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"You can remedy the discomfort that comes with computer use by making some simple adjustments at your desk," says Laura Zivley, O.D., "In many cases, computer eye strain is related to your posture and the ergonomics of your eyes, head and neck."


​Tips for avoiding eye strain
"You can remedy the discomfort that comes with computer use by making some simple adjustments at your desk," says Laura Zivley, O.D., an optometrist at Kelsey-Seybold's West Clinic. "In many cases, computer eye strain is related to your posture and the ergonomics of your eyes, head and neck."
 
Approximately 20 million American workers experience eye strain as a result of computer usage. In many cases, poor lighting, bright computer screens and inadequate eye wear cause discomfort.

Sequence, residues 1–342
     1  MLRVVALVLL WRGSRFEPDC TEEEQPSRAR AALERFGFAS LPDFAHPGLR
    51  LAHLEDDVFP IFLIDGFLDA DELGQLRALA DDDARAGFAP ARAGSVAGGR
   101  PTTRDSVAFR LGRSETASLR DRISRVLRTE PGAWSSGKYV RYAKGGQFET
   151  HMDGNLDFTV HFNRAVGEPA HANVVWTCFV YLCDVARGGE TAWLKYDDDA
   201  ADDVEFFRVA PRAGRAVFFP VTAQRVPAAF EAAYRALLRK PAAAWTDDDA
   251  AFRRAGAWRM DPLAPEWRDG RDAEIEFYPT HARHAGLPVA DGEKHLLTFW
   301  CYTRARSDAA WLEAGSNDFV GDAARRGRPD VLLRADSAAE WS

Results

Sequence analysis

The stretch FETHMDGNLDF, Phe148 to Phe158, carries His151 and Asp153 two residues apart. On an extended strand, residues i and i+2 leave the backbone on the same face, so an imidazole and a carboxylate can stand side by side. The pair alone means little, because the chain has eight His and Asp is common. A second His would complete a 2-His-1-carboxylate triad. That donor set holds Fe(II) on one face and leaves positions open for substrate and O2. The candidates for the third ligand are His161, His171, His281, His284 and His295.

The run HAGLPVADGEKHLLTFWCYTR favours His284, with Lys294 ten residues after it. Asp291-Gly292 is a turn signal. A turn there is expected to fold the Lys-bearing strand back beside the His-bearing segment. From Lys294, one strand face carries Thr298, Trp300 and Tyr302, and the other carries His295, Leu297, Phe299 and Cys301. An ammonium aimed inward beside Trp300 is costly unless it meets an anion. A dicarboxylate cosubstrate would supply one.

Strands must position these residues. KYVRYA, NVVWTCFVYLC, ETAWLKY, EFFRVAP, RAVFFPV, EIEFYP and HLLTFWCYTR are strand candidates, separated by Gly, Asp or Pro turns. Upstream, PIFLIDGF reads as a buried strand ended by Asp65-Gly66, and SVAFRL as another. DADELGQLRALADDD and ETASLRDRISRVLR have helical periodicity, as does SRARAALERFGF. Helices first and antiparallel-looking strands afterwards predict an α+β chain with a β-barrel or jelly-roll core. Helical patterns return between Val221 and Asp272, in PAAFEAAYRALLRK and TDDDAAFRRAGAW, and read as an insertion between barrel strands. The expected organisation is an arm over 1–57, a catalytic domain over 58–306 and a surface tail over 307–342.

"The good news is that these problems are easily adjustable to prevent eye fatigue," notes Dr. Zivley. "A good way to adjust the brightness on your screen is to use a filter on your computer monitor. If you wear eyeglasses, be sure they are appropriate for computer work and not just reading printed words. Your eye care provider can prescribe glasses or contact lenses created especially for computer users."
 
To ease your headache, Dr. Zivley suggests taking a much-needed break from your computer.
 
"Look away from your computer while you're at your desk and return phone calls or do work that doesn't involve the computer," adds Dr. Zivley. "To prevent the irritation and blurred vision that comes with dry eyes, you may need prescription eye drops. These drops provide moisture and treat the underlying problem to improve the quality of your tears."
 
Dr. Zivley notes that you can give your sore eyes the relief they need by changing the way you work on your computer. "However, if your headache won't go away, or your eye problems persist or worsen, consult your primary care provider or an eye care professional for help."